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Winona Republican Herald Newspaper Archive: July 17, 1947 - Page 1

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Publication: Winona Republican Herald

Location: Winona, Minnesota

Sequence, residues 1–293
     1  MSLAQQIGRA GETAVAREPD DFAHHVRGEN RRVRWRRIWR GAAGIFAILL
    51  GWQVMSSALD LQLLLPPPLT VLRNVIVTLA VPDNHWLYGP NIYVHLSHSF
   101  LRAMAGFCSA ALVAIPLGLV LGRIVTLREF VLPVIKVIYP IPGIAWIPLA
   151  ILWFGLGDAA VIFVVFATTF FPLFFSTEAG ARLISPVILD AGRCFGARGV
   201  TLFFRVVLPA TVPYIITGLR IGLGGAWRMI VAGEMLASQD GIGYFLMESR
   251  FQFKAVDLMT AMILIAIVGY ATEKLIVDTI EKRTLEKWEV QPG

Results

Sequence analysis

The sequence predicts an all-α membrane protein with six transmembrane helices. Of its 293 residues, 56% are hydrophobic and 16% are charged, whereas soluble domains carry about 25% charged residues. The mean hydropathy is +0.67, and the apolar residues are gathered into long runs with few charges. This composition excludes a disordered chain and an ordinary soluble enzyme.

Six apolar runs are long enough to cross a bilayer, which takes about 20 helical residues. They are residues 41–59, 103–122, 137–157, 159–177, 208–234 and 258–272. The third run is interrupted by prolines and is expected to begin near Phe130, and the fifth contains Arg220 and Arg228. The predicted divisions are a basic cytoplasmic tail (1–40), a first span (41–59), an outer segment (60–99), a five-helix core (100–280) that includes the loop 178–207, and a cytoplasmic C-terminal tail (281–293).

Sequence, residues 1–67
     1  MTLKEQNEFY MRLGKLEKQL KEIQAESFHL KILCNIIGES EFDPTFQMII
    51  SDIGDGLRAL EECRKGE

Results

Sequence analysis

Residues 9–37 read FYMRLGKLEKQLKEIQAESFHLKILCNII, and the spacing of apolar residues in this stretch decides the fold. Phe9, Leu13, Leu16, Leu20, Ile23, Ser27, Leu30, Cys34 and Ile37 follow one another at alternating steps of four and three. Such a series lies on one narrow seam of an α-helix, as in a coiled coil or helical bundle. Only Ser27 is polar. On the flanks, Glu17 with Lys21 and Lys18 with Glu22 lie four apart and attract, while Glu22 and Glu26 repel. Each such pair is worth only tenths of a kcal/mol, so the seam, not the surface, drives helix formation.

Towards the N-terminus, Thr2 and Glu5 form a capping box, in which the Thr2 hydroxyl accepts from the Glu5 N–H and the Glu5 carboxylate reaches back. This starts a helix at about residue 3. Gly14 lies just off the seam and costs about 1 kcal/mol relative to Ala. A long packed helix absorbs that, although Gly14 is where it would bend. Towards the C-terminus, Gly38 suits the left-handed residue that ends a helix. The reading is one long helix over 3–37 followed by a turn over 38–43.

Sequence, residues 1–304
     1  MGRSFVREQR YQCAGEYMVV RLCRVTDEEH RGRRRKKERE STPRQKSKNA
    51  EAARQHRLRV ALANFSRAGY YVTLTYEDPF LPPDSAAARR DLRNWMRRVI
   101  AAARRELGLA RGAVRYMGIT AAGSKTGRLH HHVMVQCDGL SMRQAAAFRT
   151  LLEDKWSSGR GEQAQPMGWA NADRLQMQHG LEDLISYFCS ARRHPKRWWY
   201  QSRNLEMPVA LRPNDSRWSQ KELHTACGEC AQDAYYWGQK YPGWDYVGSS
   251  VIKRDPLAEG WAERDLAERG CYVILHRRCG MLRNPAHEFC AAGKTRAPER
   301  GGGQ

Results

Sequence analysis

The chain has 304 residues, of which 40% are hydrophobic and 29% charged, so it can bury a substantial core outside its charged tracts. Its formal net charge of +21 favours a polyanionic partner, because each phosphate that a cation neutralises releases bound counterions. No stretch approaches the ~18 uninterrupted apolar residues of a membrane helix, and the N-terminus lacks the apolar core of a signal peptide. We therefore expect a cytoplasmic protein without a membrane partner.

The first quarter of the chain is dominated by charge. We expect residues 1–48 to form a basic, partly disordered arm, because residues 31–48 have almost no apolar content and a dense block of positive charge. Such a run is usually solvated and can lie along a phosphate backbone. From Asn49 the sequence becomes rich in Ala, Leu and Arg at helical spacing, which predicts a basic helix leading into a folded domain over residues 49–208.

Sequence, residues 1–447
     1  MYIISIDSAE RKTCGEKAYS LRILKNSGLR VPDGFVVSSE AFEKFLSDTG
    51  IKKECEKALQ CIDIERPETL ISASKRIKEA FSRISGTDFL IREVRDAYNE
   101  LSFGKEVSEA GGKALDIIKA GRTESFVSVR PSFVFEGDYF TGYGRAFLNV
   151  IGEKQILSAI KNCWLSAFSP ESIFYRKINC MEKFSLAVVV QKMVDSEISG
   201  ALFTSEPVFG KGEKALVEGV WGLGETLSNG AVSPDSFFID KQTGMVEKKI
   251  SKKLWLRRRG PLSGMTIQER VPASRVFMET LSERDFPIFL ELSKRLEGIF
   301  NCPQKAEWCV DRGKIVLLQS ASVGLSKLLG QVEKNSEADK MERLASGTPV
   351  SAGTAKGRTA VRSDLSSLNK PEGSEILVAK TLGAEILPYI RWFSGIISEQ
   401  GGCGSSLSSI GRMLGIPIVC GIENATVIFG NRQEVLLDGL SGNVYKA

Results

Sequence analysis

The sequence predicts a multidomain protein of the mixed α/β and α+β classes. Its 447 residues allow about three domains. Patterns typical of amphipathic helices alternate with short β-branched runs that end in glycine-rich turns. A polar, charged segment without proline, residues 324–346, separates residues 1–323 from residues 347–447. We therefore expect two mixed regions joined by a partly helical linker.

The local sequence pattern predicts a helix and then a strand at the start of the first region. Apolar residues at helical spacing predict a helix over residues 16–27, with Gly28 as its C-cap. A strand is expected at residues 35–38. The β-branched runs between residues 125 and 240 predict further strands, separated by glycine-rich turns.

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   Winona Republican-Herald, The (Newspaper) - July 17, 1947, Winona, Minnesota                                w EATHER tonight, Ultr tonlffhtl fair and 98 DAYS Wlnont Pool Xubllnt Full Leaied Wire Report of The Associated Press Member of the Audit Bureau of Circulations VOLUME 47. NO. 127 W1NONA, MINNESOTA, THURSDAY EVENING, JULY 17, 1947 FIVE CENTS PER COPY EIGHTEEN PAGES County Tax Levy Boosted Taber Raps Truman Flood Control Plan 'Scatterfire and Poorly Congressman Says Br William F. Arbagant Tru- request for now to launch a ten-year flood control and river development Negro Who Won Car Will Get It, Kiwanis Officials Say program bumped into stern and powerful opposition today. "It is a scattcrflre and poorly- conceived Chairman Taber (R.-N.Y.) of the House appropria- tions committee which must pass on the request, told reporters. "There Is no possibility of ICK- l.ilation this added Chairman Dondero Mich.) of tho House public works committee, which has Juris- diction ovtr river programs up to the point where the appropriations John committee takes over. With that opposition to start with and Congress In its waning days even the most optimistic backers of the President's plan privately gave up hope for action this year. Explains Need In a special message to Congress yesterday, Mr. Truman said the re- cent devastating floods in tho Mis- souri and Mississippi valleys make it imperative that something be done quickly. Accordingly, he said ho would send to the lawmakers "promptly" a formal request for the to start the work. That money augment a sum of between and being considered by Senate-House confer- ence committees trying to com- promise differences in ponding ap- propriation bills. President called flood control Ahoskle, N. C. A young Negro veteran who gained'national attention when this town's Klwanls club refused to give him a new Cadillac he had won in a raffle awaited delivery, of another car today while the club itself .faced possible disciplinary action from Its International officials. Club officials said the new car, also a Cadillac, would be delivered to Harvey Jones "shortly." They acted as Dr. Charles W. Armstrong, of Salisbury, N. C., president of Klwanls International, being deluged with telephone calls and telegrams from all parts of tho nation, protesting the club's failure to give Jones the car on the grounds that Negroes were bar- red from the festival-dance at which the drawing was held last Friday. Armstrong termed the club's ac- tion "a very serious mistake" and said that the board of directors of the international service club would consider the matter at its August 8-10 meeting in Chicago. He explained that the Interna- tional's authority is mostly advisory but added that it has revoked char- ters for various reasons, none of them disciplinary, In the past. Meanwhile, tho peaceful routine of life was broken abruptly for the young Negro who started the day yesterday fishing at a stream near his small, backwoods home In this A.P. WIrophotn to The Republican-Herald northeastern North glnla borderline community. Reporters flocked to his tiny farm to tell him that the club had re- considered its decision and woulc award him another car. "I am sure glad they decided to give me he add- ing that he would take "cash If possible" instead of the car. Election to Be Probed By Francis J. Kelly Washing-ton The Senate rules committee launched a full- scale Investigation today problem" er development. Saying more than half of the total authorized is directly or close- ly related to flood control, Mr. Tru- man added: "Let us through charges of fraud n last fall's elec- Jon of Senator, Kllgore, West Vir- ginia Democrat. Simultaneously, Senator Kem Mo.) insisted that the Senate 'itself pass on his reso- lution for a com-, into the next ten yews accelerate our program and put this money to work, together with such additional moneys as may be required and as our economy from year to year shall permit. In that way we shall save ourselves untold billions and pave the way for the wealth production that sure- ly will flow from tho Integrated development of our valleys." of Differ For a starter, the President said he wants for the army engineer projects, most of them flood control; for reclamation projects, and for soil con- servation work. Senator Ovcrton (D.-La.) called Mr. Truman's message "one of the greatest" ever delivered by a Presi- dent. And Senator Rovercomb said that as a member of the public works committee in that chamber he "wholeheartedly" endorses the plan. Virainia Hoover to Head O st Commission on Reorganization Washington Speaker Martin Wednesday announced appointment of former Presi- dent Herbert Hoover as mem- ber of a special commission to study the' executive branch of the f overnment with a view to reorfanisinr it. Hover is slated to head 12 -member commission to be set np under a congressional act. Greek Rebels Pull Back Mountains Government Eyes Developments on Albanian Frontier By L. 8. Chakalei Athens Military circles expressed belief today that survivors of the the government said, invaded Greece from Albania with- drawn successfully eastward toward the towering Mt. Grnmmos ranger near the frontier. Only scattered minor clashes were reported in the Mt. .Otamila area. The rebels' retreat was noted yes- terday when. Greek army units attacked north of loannlna, but failed to .contact the main force. Military informants said they be- lieved the insurgents were trying to reach" their comrades on Mt. Gmmmos, where national forces wei-e harrying another group of The larger party failed in an attempt to capture loannina, capital of Eplrua. Greek trooops watched closely for developments along the Yugoslav and Albanian borders from Fiorina to KonJtsa, an area pregnant with possibilities of new eruptions of border battle. Bed Government Despite their apparent reversal, the guerrilla chieftain, Markos Vi- fiades was reported in the com- munist-dominated newspaper Elef- n Killed, 3 Hurt in ,000 Blaze in Oakland thoria Ellada to have Issued a proclamation over, a guerrilla radio asserting it was absolutely necessary to create an independent, com- munist government in what he In An .Atomic-Like, Wast a roof "blows" In a six-alarm fire that swept a half-block in Oakland last night, One fireman waa killed and three others injured. The damage was estimated at (A.P. Wirephoto to The Republican-Herald.) termed the "free regions.' The purported broadcast was VIOVA fHa -DaSCn Falls in Burning Building When Roof Collapses Oakland, Calif. One fire- man was killed and three others injured early today in a blaze that swept a half-block in West Oak- land's warehouse area before being brought under control. Marshall's Plea SavcrMost'if- Foreign Aid Fund what he has ed the justice de- partment's fail- ure to conduct a; full investigation' M of alleged Washington An llth hour plea by Secretary of States George Marshall was reported today to have rescued almost the entire foreign aid. program from the economy knife poised over it by the House appropriations commit- However, both Taber and Rep- resentative Kngcl chair- man of the appropriations subcom- mittee which handles river develop- ment funds, said Mr, Truman's program overlooks what they called the necessity for concentrating work on major projects. Bevin Defends Claim on U. S. Sec- retary Ernest Bevln declared today it was "rlpht and proper" for Eu- rope to make a claim upon Ameri- can productive genius to aid in the larltles In the August, IMS, Kansas City primary. The rules committee voted unan- imously last night for the West Virginia probe. It involves the re- election of Kilgore, whose official margin over Tom Re- publican nominee, was votes out of a total of more than Kilgore's aides said he .had no immediate comment. Charge Vote Fraud The committee declared "it ap- pears from preliminary investiga- tion that vote frauds, election ir- regularities, and the purchase of votes were prevalent" in the West Virginia election. A subcommittee headed by Sen- ator Jenner (R.-Ind.) recommend- ed tho general Inquiry after a spot check In two counties. Eight staff members already are in West Virginia and Jenner said eight more will bo sent there for "a general, detailed and specific" Investigation. He said ballots al- ready have been Impounded. Jenner announced that Nelson Doranian will serve as chief coun- sel in tho investigation. He re- places Jack w. Hardy. Hardy told reporters last week that votes had been bought in West Virginia for or a bottle of times both. Kansas 'City Probe The Kansas City primary which was the basis for Kezn's resolution reconstruction of economy. the continent's "Americans mndc a ffrcnt contri- bution to the war, but it is right proper that wo have a claim upon them to assist now with their Krcat production the for- eign secretary told Britain's trans- port and Kencral workers union. Bevln said Secretary of State George C. Marshall, In offering aid to Europe, had sold in effect: "See what you can do for yourselves and we will supplement what you do." "I think it is right they should supplement he added. Youth Injured When Home-Made Bomb Explodes Dudley, 34. was in poor condition as a re- sult of injuries suffered yesterday Involved the defeat of Roger Slaughter, incumbent Democratic House member from Missouri's fifth district, by Enos Axtcll. Axtell, who had President Truman's bless- ing, lost the general election to Al- bert L. Reeves, Jr., a Republican, Tho Senate Judiciary committee earlier this week pigeonholed Kern's resolution by a seven to six vote. Kem wants to discharge tho com- mittee from further consideration of the resolution and bring It before the Senate for a direct vote. Kem told his colleagues that Attorney Oencral Clark had received "volum- inous evidence of fraud and con- spiracy" but that "the only action taken was to tie the hands of the F.BJ. and to whitewash the whole incident." tee. Committee members told a re- porter that as the result of a per- sonal appeal by Marshall to Speaker Martin (R.-Mau.) and other O.O.P. leaders the group has agreed ten. totively to: 1. Approve the full asked by President Truman to carry out tho Greek-Turkish old pro- gram. 2. Grant "substantially all" of the requested for relief In liberated nations. 3. Provide the army with roost of the It has sought for relief and administrative work in occupied countries. One commit- tee member said the committee will recommend "in the neighborhood Of with the under- standing that the army can return early next year for more if needed. The entire was for use until next June 30. Congress already has approved the Greece-Turkey aid and the re- lief program for liberated nations but funds to put them into full ef- fect have yet to be appropriated. to have proclaimed that the guer- rillas were "willing" to come to an agreement .but that establishment of a free state was necessary. One of the alms of the "free state" was to "free Greece ...from intervention whose' aim is to turn Greece into the starting point for war in the s, :Tho 'guerrilla" retreat followed" I full-scale assault late yesterday by reinforced government troops, who earlier had halted the invasion thrust near the village of Negrad- hes, about 19 miles north of loan- nina. The way for the attack was paved by a heavy artillery 'bombardment of guerrilla forces in an area In- Fire Chief Manning damage would amount cluding the villages of Kato, Pedina, and Elatohori, Faleolouta and As- prangclos, scattered along the slopes of Mt. Gamila. Government Planes Greek war planes supported the attacking government forces by strafing guerrilla positions. The only serious resistance was to at least." Owners of prop- erty consumed by the flames said the loss would run much higher. Fireman Louis Cetraro, 27, was killed. Spectators said they saw him fall into a. burning building when the roof collapsed. His body was re- covered. -ware- house ,'Cbastwide 'Movers' .Com- pany, containing pounds of Dlood pashm and antique furniture valued at another ware- house containing privately owned war surplus goods, a Pacific Tele- ihone Telegraph Company ga- and one home and damaged three.other houses. Cause of the fire was not de termined. orate' 'treaty with is one without Soviet participation. Unlike her position in Germany Russia has no occupation forces in reported in Hatohari prangelos, where more and than As- 300 guerrillas were said to have been wiped out. Napoleon Zervas, minister of pub- lic order, declared in Athens that statements made by leftist prison ers indicated that two of the elgh battalions comprising the invading guerrilla forces were composed o: "foreigners." Zervas did not specify the na- tionality of the "foreigners." Gov- ernment sources previously had charged, that the force said to have struck across the Al- banian border contained elements of "an International brigade." Boy Drowns in Swimming Hole Thief River Falls, Clifford Auboy. 12, drowned in a swimming hole near his farm home, seven miles east of here. Clifford was with companions in a hole being dug for -watering cattle. His father was called from a nearby fiold where he was haying but ar- rived.too late-to save the youth. Matthews Named Envoy to Sweden Washington H. Freeman Matthews of Maryland was nomi- nated today by President Truman to be minister to Sweden. Matthews, a foreign service of- ficer, is now director of European affairs for the State department with the rank of career minister. He accompanied President Tru- man to Potsdam for (he "Big Three" meeting there and has long been a consultant on European matters. 700 Reported Lost in Sinking Near Bombay Bombay, India The coasta steamship Ramdas sank today in a monsoon storm 11 miles south of Bombay and a Bombay shipping executive said nearly 700 persons perished. C. A. Buch. general manager of the Bombay Steam Navigation Company who assisted in rescue work, said, "Not more than 15 to 20 persons have been saved." The dead included both passengers and rewmen. Survivors reported that "two tre- mendous waves" das, Buch said. capsized the Ram- The vessel, of about 400 tons, was making her dally trip to the fishing village of RewRS, 13 miles south of Bombay. Two Fatal Mishaps at Marshneld, Wis. Marshfleld, fatali- .les were counted in this community oday as the result of separate mis- mps last night. Bertls Howard, 14, drowned in he swimming pool at Northwoods county park while swimming with other youngsters. Harry A. Hagcr, 38, died today of njurles Incurred when he fell from an automobile to the city street. U.S. Hopes for Jap Peace Treaty Minus Russian Veto Clause By John M. Hirhtower. Washington Despite the widening- split between Russia and the western, allies In Europe, American officials voiced hope today that, Moscow will agree to Japanese peace treaty talks tree of any big power veto. If the Kremlin rejects the United States proposal which, it now has under consideration, thls: gov crnment will be faced with deciding .__.1 r I WorkerHtgh In Air Saves Injured Aid Detroit The quick, heroic action of an iron workman, laboring high above the ground on a down- town building was credited today with saving the life of a fellow worker whose leg was smashed by a moving steel girder. While horrified passersby in the city's financial district watched yes- erday afternoon, the swinging beam struck and mangle the leg of 32- year-old Frank Ryan, father of two ihlldren. But as the Injured man nearly toppled from the tiny three-foot square platform where he was work- ing with Alfred Flnck, his com- lanlon pulled him to safety and leld him on the platform for an igonlzing half hour until help ar- ived. Physicians at St. Mary's hospital, where Ryan was taken after first being rushed to receiving hospital, were forced to amputate the crush- d leg, but attendants reported arly today that the seriously hurt worker was "resting comfortably." Officials of a fire department Japan and controls no Japanes territory. Hence officials here con ;cnd such a separate peace with a functioning Japansee governmen could be made to work. Ask Two-Thirds Vote The American proposal for a veto free conference of 11 nations t< begin work on the Japanese treaty was announced yesterday. It is a radical departure from European peace-making procedures in two respects. In the first place the conference would make decisions by a two- thirds vote, with or without con- curring votes of the big powers. In the second place the treaty drafting would be done not alone by the great powers but by seven other nations as well, each with a primary Interest in the Japanese settlement. The countries which (Jie United States proposed for participation are the "Big Four" of the Far East Britain, China, and Rus- sia plus the Philippines, India, Australia, New Zealand, France, the Netherlands and Canada. Eventually, the American plan contemplates a full dress general peace conference to be attained by all of the 48 nations which were and technically still war with Japan. in the explosion of a home made bomb which he and three compa- nions had manufactured. Physicians said tho youth lost one finger and part of another and said it might be necessary to am- putate the left hand. They also believed the victim's vision might be Impaired. An operation was performed for the removal of metal fragments of the carbon dioxide cartridge from his stomach. The youth's companions wero not hurt. They told police the "bomb" was filled with shotgun shell powder und match tips. Austin Child Killed in Fall From Auto Austin, old Kathleen Hausteln died at St. dial hospital In Austin lost night of injuries suffered when she fell from her parents' automobile. The Infant, daughter of Mr. and Mrs. Frank Hausteln, fell out of the car while her father was back- Ing the machine from the garage. She suffered internal injuries. Minnesotan Drowns at Wyoming Ranch Minneapolis Stanley Mit- chell Lyman, Jr., graduate of Shat- tuck academy and a bomber pilot over Germany during the war, drowned at hs ranch near Moose, Wedensday, relatives here were' notified. He was the son of Mr. and Mrs. S. M. Lyman, Sr., Lake Mlnnetonka. Set for August 11 But the first stage is the 11-na- tlon .meeting, which the United tates suggested should open either n Washington or San Francisco on 19. Officials say there is no reason it should take any longer than matter, of months to draft the apancse treaty. They cite the fac that Japan has a going Government now under the control of Genera Douglas MacArthur .is Allied occu- pation commander. Hence many of the political problems raised In con- nection with Germany do arise in this case. The American aim in seeking an early start on the treaty drafting appears to be to restore Japan to a supervised peacetime basis rapid- ly as possible and to end the Allied occupation -which is being carried escue squad which lowered Ryan o the ground in a harness said "tack's deft movements in apply- ng a tourniquet to the leg were espousible for keeping the injured man conscious. Budget of Authorized Three of Four Funds Require More Cash Departmental budgets, calling for a. county tax levy about higher than for 1947, were passed by the county board of commissioners late Wednes- day afternoon. Of the county's four standard funds only one requires a decreased revenue from county taxes, and that county revenue fund less than for be- cause it will receive an exception- ally large return on Inheritance estimated For the 1947 budget the county is re- ceiving in inheritance tuxes. The other three coun- ty welfare fund, the tuberculosis sanitorium fund and the county road and bridge need as much or more tax money. In addition to boosting the tax levies for two of its standard funds, the board created two new funds by direction of a new state law and. those two funds call for a total levy of As a result the county will levy about for the 1948 budget compared with for the 1947 budget, a hike of The 1948 levy is approximate, since some of the fund requirements are stated in mills, the value of which lias not been determined. For col- lection of taxes this year the county mill was worth and a fig- ure of was used to approxi- mate the 1948 requirements. Here are the 1S48 tax require- ments as approved by the board: County revenue fund mills; compared with fire'mills for 1947. County 100; compared with for 1947. Bnena tuberculosis cani- no chance. County road and bridfe fond compared with, ten milk for 1947. County aehool lax fund 000; m. new requirement. Connty school transportation a. new ment. The five-mill boost In the levy for the county road and bridge fund was authorized for the 1948 and 1949 budgets by the last session of the legislature. The, road and bridge fund budget, as submitted by Coun- ty Highway Engineer E. P. Effertz, includes an allocation for the de- velopment of the Pleasant Valley road. In discussing- the budget. [Engineer Effertz commented, "It's not only the cost of the maintenance which has gone up, and it has gone up plenty, but our roads are wear- ing out faster now. There is much more traffic and it's faster and heavier traffic." He estimated his expenditures at: (Continued on Pare 2, Column 2) BUDGET Weather out almost entirely troops. by American Republican-Herald photo Wlnona's Queen Of The Lakes winner, June Ruehmann, of! to the Minneapolis Aquatennlal, was escorted to the railroad station by officers and members 'of the Winona Junior chamber of Commerce. Left to right are Lloyd Dellke, a trainman, Miss Ruehmann, Irving Tlngley, Vern Armstrong, Irvin Teasdale, William S, L. Chriatensen and-Carroll 8 yverson. Arms Standardizing Legislation Favored House for- eign affairs committee today ap- proved legislation calling for arms standardization and military co- operation between the countries of the Western hemisphere. The committee action limited the United States expenditure to for a flve year program. Chances of the bill's passage at this session of Congress appear slight in view of the drive for ad- journment by the end of the next week. The measure thus will prob- ably lie over for action early next year. Before stamping its approval on the bill, the committee wrote In an amendment to provide that execu- tion of the program must be con- sistent with the United "good neighbor" program. States taly to Get Cargo Vessels Washington The House commerce committee today con- sidered legislation to return to Ital in wartime seized prop erty and provide 31 ships for th Italian merchant marine. The measure, already passed by the Senate, is aimed at -holsterlnj Italy's shaky economy and helpini rebuild the Italian merchant ma- rine, since that nation depends Heavily on export-import trade. Sponsors planned to rush the bill to President Truman before Con- gress adjourns, describing it as a step in a broad foreign policy goal of stemming communist expansion. Wisconsin Farm Robbed of Manilowoe, pres- ence of a stranger standing in an adjoining field watching him load hay prompted Joseph Goedert, to make a.check to find out if every- thing was all right in his farm- house. Goedert told Deputy Sheriff John Ellermon that when he walked into the kitchen he saw a "230-pound man" ransacking drawers. Despite his bulk, the Intruder rushed past Goedert and ran away. The other man, apparently a also disappeared. Goedert said in cosh was tak- en by the burglar. The money, con- sisting of four three and one ten, had been hidden in a pile of clothes, Goedert told Ellcr- FEDERAL FORECASTS Winona and vicinity: Local show- ers or thunderstorms early tonight, clearing late tonight; low 62. Fri- day fair and high 80. this after- noon, preceded by scattered show- ers in extreme southeast early afternoon. Fair tonight and Friday. Cooler tonight. Wisconsin Partly cloudy with scattered showers or thundcrshowers northwest half this afternoon and In cost and south portions early to- night. Friday fair, cooler Triday and Friday night and near the Minne- sota boundary tonight. LOCAL WEATHER Official observations for the 24 hours ending at 12 m. today: Maximum, 90; minimum, 66; noon, 88; precipitation, none; sun sets to- night at sun rises tomorrow at TEMPERATURES ELSEWHERE Mtn. Pet. Chicago 80 Denver 83 Dululh 85 Los Angeles Miami New Orleans New York Washington 80 92 80 64 59 68 60 80 77 73 73 1.19 RIVER BULLETIN Flood Stage 24-Hr. Stage Today Chance Lake City......... Reads 12 Dam 4, Dam 5, T.W....... Dam SA, T.W..... Winona 13 Dam 6, T.W. Dakota Dam 7, T.W. La Crossc 12 4.5. 5.4 3.5 4.5 5.6 5.6 7.7 3.7 5.7 .1 .1 Tributary Streams 3hippewa at Durand.. 2.4 Buffalo above Alma----2.0 Trempcaleau at Dodge. .9 3 Black at Galesvillc___2.6 .1 La Crosse at W. Salom 1.8 .1 Root at Houston 6.7 J s RIVER FORECAST (From Ilastinrx to Guttenbefr) During the next 36 iiours the slow falling tendency will continue from St. Paul to Prairie du Chicn; south- ward to dam No. 10 there will be little change. Without further heavy rains normal pool elevations will be reached by the middle or next week.